Thus, the main principles of the process according to the invention are based on a combination of a series of process stages described in more detail hereinafter with reference to FIGS. 1 and 2 of the accompanying drawing, these figures being block schematics which illustrate two embodiments of the invention.
Subsequent to electrowinning zinc in a conventional manner, the predetermined, requisite volume of electrolyte partially freed of zinc (=return acid) is tapped-off continuously or discontinuously for further processing. A normal zinc content and acid content of this return acid is as follows:
40-60 g/l Zn2+, 150-180 g/l H2 SO4, 8-15 g/l Mg2+ and 1-3 g/l Mn2+.
As will be seen from FIG. 1, this solution is subjected to a further electrowinning process, so as to chemically reduce the zinc content of the solution to metallic form on aluminium cathodes, whereafter the metal can be recovered in product form, using conventional technology.
The thus dezinced solution is concentrated by evaporation until the acid strength reaches a concentration of about 60-80% H2 SO4. It has been found when practising the method according to the invention that the solubility of zinc and magnesium decreases radically at acid strengths of this magnitude. Consequently, there is precipitated a crystal mass which comprises mainly zinc sulphate, magnesium sulphate and manganese sulphate. Consequently, when the liquid phase (the sulphuric acid) is subsequently separated from the crystal mass, only a very small part of the aforesaid elements will accompany the acid phase. The acid phase can therefore be recycled to the cyclic process, for example to the leaching stage, without the problematic elements (Mg, Mn) accompanying the acid and disturbing the process through undesirable recycling. The method thus separates successfully the acid from the zinc, magnesium and manganese present. Simultaneously, an essential elimination also of other deleterious elements present in the solution is obtained, for example of Cl and F.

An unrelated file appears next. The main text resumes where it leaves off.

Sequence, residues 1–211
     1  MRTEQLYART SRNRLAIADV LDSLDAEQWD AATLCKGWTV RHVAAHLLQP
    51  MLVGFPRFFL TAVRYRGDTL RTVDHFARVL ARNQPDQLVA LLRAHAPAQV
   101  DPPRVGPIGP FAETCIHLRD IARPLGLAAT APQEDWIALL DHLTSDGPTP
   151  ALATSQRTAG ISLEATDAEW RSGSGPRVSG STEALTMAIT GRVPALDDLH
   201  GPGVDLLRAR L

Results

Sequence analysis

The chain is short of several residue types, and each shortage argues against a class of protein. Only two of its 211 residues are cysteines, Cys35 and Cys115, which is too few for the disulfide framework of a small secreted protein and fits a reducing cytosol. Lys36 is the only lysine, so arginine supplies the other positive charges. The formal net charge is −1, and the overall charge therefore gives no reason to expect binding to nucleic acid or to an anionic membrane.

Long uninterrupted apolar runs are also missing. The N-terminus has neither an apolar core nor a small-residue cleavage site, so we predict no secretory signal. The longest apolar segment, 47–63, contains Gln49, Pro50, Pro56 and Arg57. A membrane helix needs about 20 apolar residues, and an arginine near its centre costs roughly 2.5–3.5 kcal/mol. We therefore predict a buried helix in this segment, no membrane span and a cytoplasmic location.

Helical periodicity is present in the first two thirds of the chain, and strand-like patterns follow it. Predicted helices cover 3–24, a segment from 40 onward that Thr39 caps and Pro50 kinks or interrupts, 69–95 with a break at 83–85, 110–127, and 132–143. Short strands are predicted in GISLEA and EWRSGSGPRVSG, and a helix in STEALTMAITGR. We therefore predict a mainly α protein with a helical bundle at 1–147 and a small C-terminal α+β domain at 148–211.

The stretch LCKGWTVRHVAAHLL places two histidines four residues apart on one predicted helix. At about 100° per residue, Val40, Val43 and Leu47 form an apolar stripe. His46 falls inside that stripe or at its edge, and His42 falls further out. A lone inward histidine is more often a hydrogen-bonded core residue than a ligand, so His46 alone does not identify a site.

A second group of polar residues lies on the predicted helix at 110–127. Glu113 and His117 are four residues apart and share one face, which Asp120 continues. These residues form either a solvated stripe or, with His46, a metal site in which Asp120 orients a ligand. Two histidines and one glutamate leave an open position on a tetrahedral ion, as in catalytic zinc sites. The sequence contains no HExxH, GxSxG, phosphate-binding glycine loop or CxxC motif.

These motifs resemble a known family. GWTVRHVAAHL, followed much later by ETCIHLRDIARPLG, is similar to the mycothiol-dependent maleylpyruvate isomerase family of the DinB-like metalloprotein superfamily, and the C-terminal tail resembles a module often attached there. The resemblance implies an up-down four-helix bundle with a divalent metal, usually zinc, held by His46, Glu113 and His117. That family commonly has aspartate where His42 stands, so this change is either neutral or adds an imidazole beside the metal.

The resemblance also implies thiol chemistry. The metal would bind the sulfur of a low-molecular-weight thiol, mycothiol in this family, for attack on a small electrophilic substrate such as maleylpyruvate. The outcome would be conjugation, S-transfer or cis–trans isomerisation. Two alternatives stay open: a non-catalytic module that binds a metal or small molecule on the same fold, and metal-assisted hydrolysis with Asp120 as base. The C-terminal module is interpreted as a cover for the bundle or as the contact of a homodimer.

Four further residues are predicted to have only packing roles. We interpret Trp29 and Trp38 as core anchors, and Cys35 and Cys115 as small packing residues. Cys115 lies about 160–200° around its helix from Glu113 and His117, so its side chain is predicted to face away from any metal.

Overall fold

Although the crystal mass separated out can, in itself, be dumped safely, since it has but a small volume in this connection, as indicated in FIG. 1, it is preferred to dissolve the mass in a small quantity of water. In this way, there is produced a weakly acid aqueous solution of MgSO4, ZnSO4, MnSO4, together with a small amount of the original acid content.